- The Washington Times - Wednesday, March 26, 2008

RICHMOND (AP) — Those close to the victims of the Virginia Tech shootings offered mixed reactions yesterday to a proposed multimillion-dollar state settlement and whether it will properly honor their loved ones.

Families of the victims have until Monday to say whether they will accept the settlement, which would give $100,000 to representatives of each of the 32 killed and ensure that families will have the chance to talk to the governor and university officials.

Under the proposal, a copy of which the Associated Press obtained, $800,000 would be available to injured victims.

Roger O’Dell, whose son Derek was among two dozen wounded in the April 16 massacre, said that while he considers the proposal reasonable , he is concerned about how the money would be split among the survivors. The proposal only states that the money would be distributed “based on a matrix acceptable to the commonwealth, with a maximum payment of $100,000 to any individual.”

“I’m inclined to believe this will not be settled by April 15th,” Mr. O’Dell said. “I think there are too many question marks in the proposed offer.”

Seung-hui Cho, a mentally disturbed student, killed two students in a dormitory just after 7 a.m. University officials did not send an e-mail alert until more than two hours later — just before Cho killed 30 others in a classroom building across campus and then committed suicide.

Twenty-two families have filed notice with the state that they might sue. They have until April 16 to file. Families of all those killed and the survivors would be eligible for a payout under the settlement.

In exchange for accepting the proposal, family members would give up the right to sue the state government, Virginia Tech, the town of Blacksburg, Montgomery County and the New River Valley Community Services Board, which provides mental health services in the area. Cho had been ruled a danger to himself during a court commitment hearing in 2005 and was ordered to receive outpatient mental health care. He never received the treatment.

Diane Strollo, whose daughter Hilary was shot three times but is back at Virginia Tech, said it was her understanding that the negotiations are continuing.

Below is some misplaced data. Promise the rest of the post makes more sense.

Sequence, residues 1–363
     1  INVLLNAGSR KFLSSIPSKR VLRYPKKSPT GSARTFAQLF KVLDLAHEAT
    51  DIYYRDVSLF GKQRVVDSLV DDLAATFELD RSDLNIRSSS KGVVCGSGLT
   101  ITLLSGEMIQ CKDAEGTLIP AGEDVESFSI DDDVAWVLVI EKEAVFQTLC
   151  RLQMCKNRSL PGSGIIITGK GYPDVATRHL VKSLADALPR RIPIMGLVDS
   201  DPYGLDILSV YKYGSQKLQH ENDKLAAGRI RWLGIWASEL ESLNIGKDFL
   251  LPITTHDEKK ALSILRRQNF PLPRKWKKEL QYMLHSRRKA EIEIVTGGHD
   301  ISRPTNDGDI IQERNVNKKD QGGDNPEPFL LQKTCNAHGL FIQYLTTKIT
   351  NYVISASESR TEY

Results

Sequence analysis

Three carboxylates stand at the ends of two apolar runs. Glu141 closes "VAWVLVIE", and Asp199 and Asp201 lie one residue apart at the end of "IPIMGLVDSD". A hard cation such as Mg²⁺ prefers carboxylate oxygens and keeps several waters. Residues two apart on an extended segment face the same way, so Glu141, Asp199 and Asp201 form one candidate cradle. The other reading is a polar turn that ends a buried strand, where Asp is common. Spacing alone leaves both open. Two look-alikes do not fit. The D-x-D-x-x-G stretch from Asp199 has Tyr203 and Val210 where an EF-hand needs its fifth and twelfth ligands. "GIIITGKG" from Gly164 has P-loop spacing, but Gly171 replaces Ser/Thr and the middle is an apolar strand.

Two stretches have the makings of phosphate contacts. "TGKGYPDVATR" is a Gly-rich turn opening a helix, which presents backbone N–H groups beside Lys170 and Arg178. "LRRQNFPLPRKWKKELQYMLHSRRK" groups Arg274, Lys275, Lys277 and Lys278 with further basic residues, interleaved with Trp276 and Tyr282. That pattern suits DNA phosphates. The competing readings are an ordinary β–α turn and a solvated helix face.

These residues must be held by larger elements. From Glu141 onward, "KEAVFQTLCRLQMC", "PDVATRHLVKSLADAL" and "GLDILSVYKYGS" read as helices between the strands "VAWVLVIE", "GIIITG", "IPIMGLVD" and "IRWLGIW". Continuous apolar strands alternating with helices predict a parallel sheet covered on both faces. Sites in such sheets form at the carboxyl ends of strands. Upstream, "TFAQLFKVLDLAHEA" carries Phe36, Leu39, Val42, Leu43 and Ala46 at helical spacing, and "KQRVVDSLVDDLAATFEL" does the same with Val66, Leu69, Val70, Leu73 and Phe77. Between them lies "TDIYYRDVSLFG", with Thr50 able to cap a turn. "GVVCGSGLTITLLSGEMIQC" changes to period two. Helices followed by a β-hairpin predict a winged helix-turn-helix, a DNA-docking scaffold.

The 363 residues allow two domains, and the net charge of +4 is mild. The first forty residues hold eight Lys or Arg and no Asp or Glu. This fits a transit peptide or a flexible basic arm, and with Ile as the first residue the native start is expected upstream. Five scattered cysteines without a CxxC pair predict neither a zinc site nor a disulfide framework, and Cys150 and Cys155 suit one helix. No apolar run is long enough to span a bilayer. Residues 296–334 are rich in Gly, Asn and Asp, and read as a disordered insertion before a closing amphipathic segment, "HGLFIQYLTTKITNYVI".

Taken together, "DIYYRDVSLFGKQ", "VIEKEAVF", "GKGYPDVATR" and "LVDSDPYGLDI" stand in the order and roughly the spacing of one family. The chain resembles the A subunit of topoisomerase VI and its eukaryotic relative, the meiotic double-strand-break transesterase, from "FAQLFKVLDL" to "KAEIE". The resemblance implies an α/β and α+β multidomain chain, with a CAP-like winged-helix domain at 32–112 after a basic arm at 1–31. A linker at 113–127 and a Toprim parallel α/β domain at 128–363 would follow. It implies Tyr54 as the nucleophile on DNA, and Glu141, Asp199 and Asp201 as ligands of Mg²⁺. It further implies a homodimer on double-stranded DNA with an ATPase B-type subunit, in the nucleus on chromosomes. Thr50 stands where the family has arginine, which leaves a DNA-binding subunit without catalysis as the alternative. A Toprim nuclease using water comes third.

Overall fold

“The families want accountability, justice and change,” she said. “We have yet to see it.”

Mr. O’Dell said there is not a consensus among the families regarding the offer, though in general many feel that it’s “good in a number of respects.”

“It’s totally across to the board as to how people feel. Some people feel that there is no wrongdoing, and therefore there’s no obligation by the state or the university to be paying anybody anything,” Mr. O’Dell said.

“At the other end, there’s some who feel that this agreement — proposed settlement agreement — doesn’t go nearly far enough and there needs to be much more money put into it.”

The state, its institutions and employees are largely protected from civil lawsuits by “sovereign immunity” — a doctrine rooted in a monarchical tradition that allowed grievances against the king only if he said it was OK.

However, Virginia has waived sovereign immunity in a limited fashion through the Tort Claims Act, which permits damages of up to $100,000 for bodily injury caused by the state’s negligence.

The total cost of the settlement, including attorneys’ fees, adds up to about $8.5 million, plus the cost of reimbursing and paying for medical and psychological treatment for victims’ families and survivors.

The varying opinions may make it difficult for the agreement to move forward, Mr. O’Dell said. The proposal requires that participation by “nearly all claimants” is necessary, and the state can withdraw the settlement if there is insufficient agreement among the parties.

Gov. Tim Kaine was in the District yesterday when he told reporters that he is hopeful a deal can be reached.

“The idea is to be creative, to respond to legitimate needs that these families have, to do that within the confines of what Virginia’s or other parties’ liabilities might be,” he said.

Some wounded students have had enormous expenses, Mrs. Strollo said.

“Several of the surviving students that graduated in 2007 have had ongoing major surgeries and hospitalizations, are unable to fulfill employment opportunities, are no longer covered by their parents’ health insurance, nor can afford their own,” she said.

“All of them are seeking a way to honor their child’s memory, and all of them want to give to others,” said Lu Ann McNabb of Centreville, a close friend of the family of Reema Samaha, killed in the classroom building, who also knows the family of victim Erin Nicole Peterson. She noted that many families have established foundations and scholarships to help other students.

On the other hand, she said, the families and friends have suffered greatly.

“The psychological cost has been huge,” Miss McNabb said. “Many of them have had to seek counseling and probably will have to do so for the rest of their lives.”

Mr. Kaine said the payment figure has been just one of the items discussed since last summer with the families.

The proposal creates a $3.5 million “Public Purpose Fund” that would be divided between charitable purposes such as campus safety and security grants, and payments toward victims or family members facing severe hardships.

Under the deal, families of those killed and survivors also would receive money toward medical and counseling expenses. The state would provide health insurance to seriously injured victims.

In October, the families and surviving victims received payments ranging from $11,500 to $208,000 from the Hokie Spirit Memorial Fund, set up in the days after the shootings to handle donations that poured into the school.

• Sue Lindsey reported from Roanoke, and AP writer Sarah Karush contributed to this report from the District.

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